Stop Procrastinating

How to Set Intentions to Crush Procrastination

How can you break the procrastination habit? Try setting intentions by using statements like “If/when I have finished X, then I will do Y.” Learn how to craft effective statements, create structure, and mitigate the emotional overwhelm of procrastination.

Contrary to rampant misperceptions, procrastination is not a time-management problem. Procrastination is an emotion-management problem. Procrastinators use avoidance to cope with negative feelings around a task — and about themselves.

In a way, we can think of procrastination as that petulant 6-year-old, alive and well in all of us, whose catchphrase is, “I don’t wanna!” Daily planners, timers, and similar tools, although necessary, are not sufficient to address the underlying emotional issues behind needless stalling and delaying.

Setting intentions that specify where and when we’re going to do a task (also known as implementation intentions) is one overlooked but effective strategy to decrease procrastination. Concrete intentions help mitigate frustration and overwhelm around an undesirable task, and they carve out a clearer path forward.

How to Set Intentions for ADHD Brains

To reduce procrastination, build your intentions around conditional statements like, “If/when I am in situation X, then I will do Y.” Putting the cue for action into the environment like this (in situation X) is very helpful for getting outside of our habits and even establishing new habits. Research has shown that these implementation intentions are most effective when we consider the following elements:

  • Time: Too often, we banish undesirable tasks to “some time tomorrow,” “over the weekend,” or “soon.” Vague, poorly defined time frames relieve us of accountability – we feel no pressure to live up to the plan. We can think of these as anemic intentions. They lack strength or motivational force. Instead, specify a time and place when you intend to act – something like “this Saturday morning at 10 a.m.” – to tackle the task.

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  • Environmental cue: Research shows that specifying a cue for an action (the “X” in the statement above) increases follow-through1. Think: “This Saturday morning, when I have finished my coffee (the cue), I will do Y.” Another benefit of an environmental cue is that it frees up working memory, a known deficit in attention deficit hyperactivity disorder (ADHD). If the cue is an event that will undoubtedly occur, you don’t have to work so hard to remember it.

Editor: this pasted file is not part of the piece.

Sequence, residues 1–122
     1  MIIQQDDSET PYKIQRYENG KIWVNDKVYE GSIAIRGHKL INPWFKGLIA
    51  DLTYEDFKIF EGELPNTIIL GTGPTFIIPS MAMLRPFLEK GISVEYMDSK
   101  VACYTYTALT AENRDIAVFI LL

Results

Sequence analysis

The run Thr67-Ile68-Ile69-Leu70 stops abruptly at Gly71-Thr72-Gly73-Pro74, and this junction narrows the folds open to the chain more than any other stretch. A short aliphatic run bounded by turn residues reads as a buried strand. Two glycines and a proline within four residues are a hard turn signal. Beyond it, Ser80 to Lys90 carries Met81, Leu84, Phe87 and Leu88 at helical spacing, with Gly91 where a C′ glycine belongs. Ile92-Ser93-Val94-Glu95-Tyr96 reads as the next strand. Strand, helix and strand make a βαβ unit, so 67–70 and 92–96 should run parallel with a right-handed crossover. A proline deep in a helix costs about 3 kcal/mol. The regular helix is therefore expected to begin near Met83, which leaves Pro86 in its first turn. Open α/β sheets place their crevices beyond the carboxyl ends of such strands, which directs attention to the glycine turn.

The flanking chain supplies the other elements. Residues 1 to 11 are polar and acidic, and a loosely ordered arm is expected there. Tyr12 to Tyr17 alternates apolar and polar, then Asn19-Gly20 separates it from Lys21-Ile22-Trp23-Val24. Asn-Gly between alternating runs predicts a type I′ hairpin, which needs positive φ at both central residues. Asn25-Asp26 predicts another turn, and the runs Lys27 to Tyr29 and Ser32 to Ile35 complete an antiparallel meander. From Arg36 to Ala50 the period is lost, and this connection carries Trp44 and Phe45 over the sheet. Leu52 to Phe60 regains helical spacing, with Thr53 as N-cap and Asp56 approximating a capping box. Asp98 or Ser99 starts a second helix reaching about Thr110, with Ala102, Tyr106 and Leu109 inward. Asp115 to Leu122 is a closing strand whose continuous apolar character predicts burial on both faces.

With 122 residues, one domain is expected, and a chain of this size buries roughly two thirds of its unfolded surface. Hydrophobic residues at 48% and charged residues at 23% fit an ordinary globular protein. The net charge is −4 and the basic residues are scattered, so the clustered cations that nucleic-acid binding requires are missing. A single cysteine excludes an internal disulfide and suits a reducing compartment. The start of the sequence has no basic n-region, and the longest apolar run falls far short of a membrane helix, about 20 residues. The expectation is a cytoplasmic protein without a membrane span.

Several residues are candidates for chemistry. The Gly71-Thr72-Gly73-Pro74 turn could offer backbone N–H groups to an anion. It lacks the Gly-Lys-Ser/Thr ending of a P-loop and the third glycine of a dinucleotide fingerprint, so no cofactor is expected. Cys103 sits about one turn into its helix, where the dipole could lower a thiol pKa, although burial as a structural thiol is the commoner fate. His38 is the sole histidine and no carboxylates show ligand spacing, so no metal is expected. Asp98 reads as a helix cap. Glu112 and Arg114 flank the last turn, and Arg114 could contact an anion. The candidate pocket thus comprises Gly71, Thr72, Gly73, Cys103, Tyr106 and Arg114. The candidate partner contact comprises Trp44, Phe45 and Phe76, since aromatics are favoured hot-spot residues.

• Action: Avoid broad, abstract actions like, “I am going to finish the project.” Instead, state specific actions like, “I will read the next five pages.” Concreteness is an important aspect of effective intentions. Vague actions often add confusion and increase feelings of overwhelm around a task. It’s also difficult to feel a sense of accomplishment, or to hold ourselves accountable, for vaguely defined actions. In addition, a concrete action, no matter how small, brings the task to the present and adds a sense of urgency to it, making it more likely that you’ll act on it today. Even a little bit of progress on a goal is enough to feed motivation and make us feel good. Clearly delineated actions also give you the license to stop – if you don’t feel like doing more, you don’t have to.

The Hard Truth of Procrastination

Just because we set intentions, complete with specific cues and concrete actions, that doesn’t mean that we’ll always feel up to the task. The 6-year-old inside all of us fights hard to avoid frustration, so we have to expect to feel this resistance and act whether or not that 6-year-old feels like it. We don’t have to “be in the mood” or “to feel like it” to take action. As one person wrote to me: “For a chronic procrastinator, that’s a bitter pill to swallow. But I’ve found that the more I embrace this hard fact of life and put it into practice, the less I allow my anxiety, frustration, and craving for immediate mood fixes to dictate my actions in the moment.”

How to Set Intentions: Next Steps

The content for this article was derived, in part, from the ADDitude ADHD Experts webinar titled, “Stop Procrastinating and Get Things Done” with Timothy A. Pychyl, Ph.D., which was broadcast on November 12, 2014.

View Article Sources

1Gollwitzer, P. M. (1993). Goal achievement: The role of intentions. In W. Stroebe & M.
Hewstone (Eds.), European Review of Social Psychology, 4, 141–185.

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